Gary opened with Lexington in the quarterfinal round, winning 7-2 behind two home runs by Lloyd McClendon, who was also intentionally walked once. McClendon took the mound against Madrid in the semi-finals and won easily, 7-0. He also hit two more home runs and was again intentionally walked on his third at-bat. The 12 year-old masher had swung the bat four times and hit four homers in four official trips to the plate [walks do not count as official at-bats]. The team from Gary had earned a trip to the title game against Tainan, who was making their second appearance in the LLWS Finals in the last five years. ABC began televising the championship game during their Wild World of Sports program [Daily Dose, July 8] in 1963 and the broadcast team in 1971 included Jim McKay along with Mickey Mantle, who had retired from the New York Yankees three years earlier. The telecast began with each player running out in front of the camera and announcing their name and position. Mantle was Lloyd McClendon’s idol and he was so awestruck by the Hall of Famer’s presence that he blurted out his name and position then tried to run away quickly, prompting Mantle to say, “Wait a minute. Come back, come back!” At 5’8”, McClendon was the tallest and best player on his team. He took the mound for Anderson in the championship game and faced Tainan’s ace right-hander, Hsu Chin-Mu. Prior to the game, Tainan City’s manager was asked if he would let Chin-Mu pitch to “Legendary Lloyd” or intentionally walk him, to which Taiwan’s skipper responded, “we would rather lose the game than our honor back home.” In the first inning, Chin-Mu walked the first two batters he faced and up came McClendon, who promptly knocked the first pitch he saw over the right-centerfield fence to give Gary a 3-0 lead. Tainan had seen enough and elected to walk him in his final four trips to the plate. McClendon gave up one run in the third inning and four Anderson errors in the fourth inning allowed two more runs to score to tie the game, 3-3. The score remained 3-3 through six innings, which is the end of regulation play in Little League, so the contest went to extra frames. McClendon was on the mound in the bottom of the ninth inning when Tainan sent 14 batters to the plate and exploded for nine runs on six hits, four walks and numerous errors. The hard-throwing right hander cried after being lifted from the game despite striking out 12 batters and later called it the most difficult moment of his life to that point. Tainan City went on to win, 12-3, in what is still the longest game in Little League World Series history. Chin-Mu pitched the distance and struck out 22 Gary batters to set a new LLWS record for strikeouts in a single game, eclipsing the old mark of 17. McClendon, who had now hit five home runs in five official at-bats while driving in 10 runs during the tournament, was on deck with two runners aboard when the final out was recorded.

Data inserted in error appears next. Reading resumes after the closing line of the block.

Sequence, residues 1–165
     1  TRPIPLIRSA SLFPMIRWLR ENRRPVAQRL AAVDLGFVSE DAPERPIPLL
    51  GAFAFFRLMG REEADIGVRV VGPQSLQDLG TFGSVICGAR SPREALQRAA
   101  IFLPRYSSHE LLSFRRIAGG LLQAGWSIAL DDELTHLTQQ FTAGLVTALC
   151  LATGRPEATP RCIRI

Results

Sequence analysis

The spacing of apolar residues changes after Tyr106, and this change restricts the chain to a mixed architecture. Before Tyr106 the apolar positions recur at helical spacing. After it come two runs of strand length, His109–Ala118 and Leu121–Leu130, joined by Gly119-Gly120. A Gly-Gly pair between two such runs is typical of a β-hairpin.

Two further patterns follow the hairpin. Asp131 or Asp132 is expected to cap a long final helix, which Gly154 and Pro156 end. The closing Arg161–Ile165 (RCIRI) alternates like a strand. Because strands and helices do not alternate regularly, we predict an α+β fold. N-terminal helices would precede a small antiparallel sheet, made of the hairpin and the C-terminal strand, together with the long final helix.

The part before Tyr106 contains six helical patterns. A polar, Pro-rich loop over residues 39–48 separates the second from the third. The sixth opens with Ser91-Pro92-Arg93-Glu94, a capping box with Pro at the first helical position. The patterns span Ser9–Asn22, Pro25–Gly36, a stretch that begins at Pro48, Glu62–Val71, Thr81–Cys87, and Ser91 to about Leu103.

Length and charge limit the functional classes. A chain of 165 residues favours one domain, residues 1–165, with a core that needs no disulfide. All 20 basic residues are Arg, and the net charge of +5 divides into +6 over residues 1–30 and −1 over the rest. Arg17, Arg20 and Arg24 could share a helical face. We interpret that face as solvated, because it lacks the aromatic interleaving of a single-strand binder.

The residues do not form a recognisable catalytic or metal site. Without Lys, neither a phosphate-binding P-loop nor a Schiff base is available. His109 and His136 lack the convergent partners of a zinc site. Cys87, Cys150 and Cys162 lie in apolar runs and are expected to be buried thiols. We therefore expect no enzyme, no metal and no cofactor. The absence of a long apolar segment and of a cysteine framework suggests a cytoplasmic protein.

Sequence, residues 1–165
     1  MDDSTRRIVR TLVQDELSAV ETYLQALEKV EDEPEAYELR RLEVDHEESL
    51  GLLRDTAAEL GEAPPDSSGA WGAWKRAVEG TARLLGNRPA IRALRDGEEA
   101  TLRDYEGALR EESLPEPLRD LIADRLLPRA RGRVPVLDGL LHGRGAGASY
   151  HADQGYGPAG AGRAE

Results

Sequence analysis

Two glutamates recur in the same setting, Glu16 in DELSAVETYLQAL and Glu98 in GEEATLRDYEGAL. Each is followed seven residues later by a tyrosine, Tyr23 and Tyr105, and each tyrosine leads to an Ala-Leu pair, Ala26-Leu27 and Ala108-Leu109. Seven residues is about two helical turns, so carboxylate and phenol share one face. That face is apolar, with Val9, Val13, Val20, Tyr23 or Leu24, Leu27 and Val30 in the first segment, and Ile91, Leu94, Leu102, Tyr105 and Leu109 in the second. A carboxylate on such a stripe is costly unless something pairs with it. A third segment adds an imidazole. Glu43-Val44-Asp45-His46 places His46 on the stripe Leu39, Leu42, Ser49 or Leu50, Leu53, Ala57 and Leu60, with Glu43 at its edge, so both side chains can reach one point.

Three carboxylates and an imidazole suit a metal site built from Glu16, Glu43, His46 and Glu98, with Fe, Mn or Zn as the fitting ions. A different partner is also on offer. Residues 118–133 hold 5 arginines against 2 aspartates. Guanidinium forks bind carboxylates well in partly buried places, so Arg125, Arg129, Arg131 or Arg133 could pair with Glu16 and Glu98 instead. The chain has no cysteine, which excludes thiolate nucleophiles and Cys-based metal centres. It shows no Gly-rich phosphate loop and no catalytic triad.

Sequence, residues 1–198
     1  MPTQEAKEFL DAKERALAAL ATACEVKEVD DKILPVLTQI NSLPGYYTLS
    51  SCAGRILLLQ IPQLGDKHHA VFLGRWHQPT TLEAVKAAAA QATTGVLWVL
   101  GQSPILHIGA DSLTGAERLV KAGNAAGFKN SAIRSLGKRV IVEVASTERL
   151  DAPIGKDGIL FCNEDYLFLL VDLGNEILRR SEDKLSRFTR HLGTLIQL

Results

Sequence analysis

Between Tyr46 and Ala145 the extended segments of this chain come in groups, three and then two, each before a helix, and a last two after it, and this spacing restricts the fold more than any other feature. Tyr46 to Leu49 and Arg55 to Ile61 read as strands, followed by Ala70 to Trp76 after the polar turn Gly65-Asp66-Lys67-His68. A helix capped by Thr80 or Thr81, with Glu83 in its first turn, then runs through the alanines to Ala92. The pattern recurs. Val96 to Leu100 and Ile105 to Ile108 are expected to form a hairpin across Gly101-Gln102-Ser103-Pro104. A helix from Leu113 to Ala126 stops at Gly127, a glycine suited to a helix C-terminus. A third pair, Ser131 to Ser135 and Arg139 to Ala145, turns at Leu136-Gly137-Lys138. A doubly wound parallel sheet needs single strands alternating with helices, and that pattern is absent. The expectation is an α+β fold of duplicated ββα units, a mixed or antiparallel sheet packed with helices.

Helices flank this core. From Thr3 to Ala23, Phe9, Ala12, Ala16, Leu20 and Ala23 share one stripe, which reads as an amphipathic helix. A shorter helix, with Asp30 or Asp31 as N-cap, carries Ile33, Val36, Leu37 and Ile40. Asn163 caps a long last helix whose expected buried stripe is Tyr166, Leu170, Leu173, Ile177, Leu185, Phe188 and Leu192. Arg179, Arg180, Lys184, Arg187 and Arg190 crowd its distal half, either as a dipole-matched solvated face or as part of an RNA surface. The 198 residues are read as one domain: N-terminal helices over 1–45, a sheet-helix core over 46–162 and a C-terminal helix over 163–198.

Lloyd McClendon would go on to attend Roosevelt High School in Gary, where he was named captain of the varsity team as a freshman and made the All-State team as a senior. He earned a baseball scholarship to Valparaiso University, near Gary, where he batted .330, hit 18 home runs and drove in 73 runs. He was named All-Conference in 1979 and 1980 and was selected in the 8th round of the 1980 MLB Draft by the New York Mets as a catcher. In 1982, he was traded with two other players to the Cincinnati Reds in exchange for Tom Seaver and played there for two seasons before being traded to the Chicago Cubs. He ended his eight-year playing career with the Pittsburg Pirates in 1994 to pursue coaching. McClendon managed the Pirates from 2001-2005 and managed the Seattle Mariners in 2014 and 2015. On Memorial Day Weekend of 2015, the Mariners faced the Tampa Bay Rays, who were managed by Kevin Cash. Cash played for Northside Little League in Tampa in the 1989 LLWS, marking the first time that two LLWS players had ever managed against each other in a Major League game.
“Legendary” Lloyd McClendon was inducted into the Peter J. McGovern Little League Museum’s Hall of Excellence in Williamsport on August 26, 2006.